Drawing Dinas Dinlle: Caernarfon, Gwynedd

Based on three years of excavations at Dinas Dinlle – carried out by archaeologists from Gwynedd Archaeological Trust, CHERISH, the National Trust, and Cadw (see CA 356 and 394) – new reconstruction drawings by Wessex Archaeology are bringing the site to life once more. They show what the hillfort and its surrounding landscape once looked like, helping to preserve its memory before more of it falls into the sea – 40m of the cliffs have already been lost in the last century.

The main image depicts the hillfort during the Romano-British period, c.AD 150, before the western edge of the site eroded away. The footprint of the buildings, roads, and yards within the inner wall of the fort is based on both excavated evidence and a ground-penetrating radar survey of the site. The area outside the fort shows the original Roman-period coastline and an estuarine inlet; evidence for both were found during a programme of coring and landscape reconstruction by Aberystwyth University’s Department of Geography and Earth Sciences. The inset image represents life inside one of the main roundhouses excavated on the site, which, at 13m wide, is one of the largest such structures ever discovered in Wales.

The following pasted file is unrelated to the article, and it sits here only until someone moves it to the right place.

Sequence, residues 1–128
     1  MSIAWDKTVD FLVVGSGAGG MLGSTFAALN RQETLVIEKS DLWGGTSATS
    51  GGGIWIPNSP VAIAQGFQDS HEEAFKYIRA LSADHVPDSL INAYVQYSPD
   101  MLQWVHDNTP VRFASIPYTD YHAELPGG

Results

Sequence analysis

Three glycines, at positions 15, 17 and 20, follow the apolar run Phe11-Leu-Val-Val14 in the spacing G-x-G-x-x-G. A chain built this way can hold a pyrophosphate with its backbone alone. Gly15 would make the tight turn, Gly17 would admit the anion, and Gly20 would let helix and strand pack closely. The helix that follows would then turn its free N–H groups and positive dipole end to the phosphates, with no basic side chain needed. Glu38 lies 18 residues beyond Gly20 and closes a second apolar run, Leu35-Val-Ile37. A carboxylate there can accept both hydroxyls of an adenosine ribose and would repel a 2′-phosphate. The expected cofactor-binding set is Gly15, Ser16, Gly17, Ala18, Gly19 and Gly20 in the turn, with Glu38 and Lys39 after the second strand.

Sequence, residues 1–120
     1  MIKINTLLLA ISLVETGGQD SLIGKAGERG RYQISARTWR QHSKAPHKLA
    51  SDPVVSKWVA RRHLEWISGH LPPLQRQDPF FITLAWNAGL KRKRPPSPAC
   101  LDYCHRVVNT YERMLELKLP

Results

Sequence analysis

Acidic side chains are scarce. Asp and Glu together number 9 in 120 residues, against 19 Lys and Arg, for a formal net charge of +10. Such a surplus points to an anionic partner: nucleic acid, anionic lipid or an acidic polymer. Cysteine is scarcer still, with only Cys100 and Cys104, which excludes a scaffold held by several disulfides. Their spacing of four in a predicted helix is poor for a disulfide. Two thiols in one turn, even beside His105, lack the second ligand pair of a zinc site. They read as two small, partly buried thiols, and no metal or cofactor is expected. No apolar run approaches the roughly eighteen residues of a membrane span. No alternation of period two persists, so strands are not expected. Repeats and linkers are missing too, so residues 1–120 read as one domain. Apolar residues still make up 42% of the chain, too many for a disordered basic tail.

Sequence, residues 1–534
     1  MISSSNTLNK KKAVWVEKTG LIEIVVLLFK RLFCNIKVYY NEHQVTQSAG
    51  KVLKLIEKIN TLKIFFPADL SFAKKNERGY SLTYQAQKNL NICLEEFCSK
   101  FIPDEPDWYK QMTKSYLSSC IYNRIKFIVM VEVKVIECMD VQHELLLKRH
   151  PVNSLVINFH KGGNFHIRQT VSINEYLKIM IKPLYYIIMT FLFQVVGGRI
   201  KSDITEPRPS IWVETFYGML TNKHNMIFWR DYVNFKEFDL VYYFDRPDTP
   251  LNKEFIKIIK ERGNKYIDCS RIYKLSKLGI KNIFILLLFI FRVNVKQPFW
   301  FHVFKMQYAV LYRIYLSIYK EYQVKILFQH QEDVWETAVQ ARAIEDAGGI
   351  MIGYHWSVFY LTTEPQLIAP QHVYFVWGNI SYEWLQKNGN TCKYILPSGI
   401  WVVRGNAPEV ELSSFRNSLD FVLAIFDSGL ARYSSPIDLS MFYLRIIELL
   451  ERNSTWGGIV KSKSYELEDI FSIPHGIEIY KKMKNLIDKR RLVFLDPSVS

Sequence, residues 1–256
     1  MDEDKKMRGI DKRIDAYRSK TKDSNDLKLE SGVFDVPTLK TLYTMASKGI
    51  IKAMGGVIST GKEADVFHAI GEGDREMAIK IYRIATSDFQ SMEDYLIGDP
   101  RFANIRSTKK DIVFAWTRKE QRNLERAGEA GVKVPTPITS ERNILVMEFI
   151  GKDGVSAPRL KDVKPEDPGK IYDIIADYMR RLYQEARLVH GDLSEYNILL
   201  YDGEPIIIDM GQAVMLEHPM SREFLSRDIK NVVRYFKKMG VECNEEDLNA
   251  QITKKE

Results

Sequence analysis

Commenting on the project, National Trust Archaeologist Kathy Laws said, ‘We’re so happy that, through the CHERISH project, the fascinating stories of these special places have been unearthed and brought to life. The illustrations will be included on site next to the excavated remains at Dinas Dinlle, helping visitors connect to its rich past.’

Text: K Krakowka / Images: © Crown: CHERISH PROJECT 2022. Produced with EU funds through the Ireland Wales Co-operation Programme 2014-2023. All material made freely available through the Open Government Licence. Artwork by Wessex Archaeology.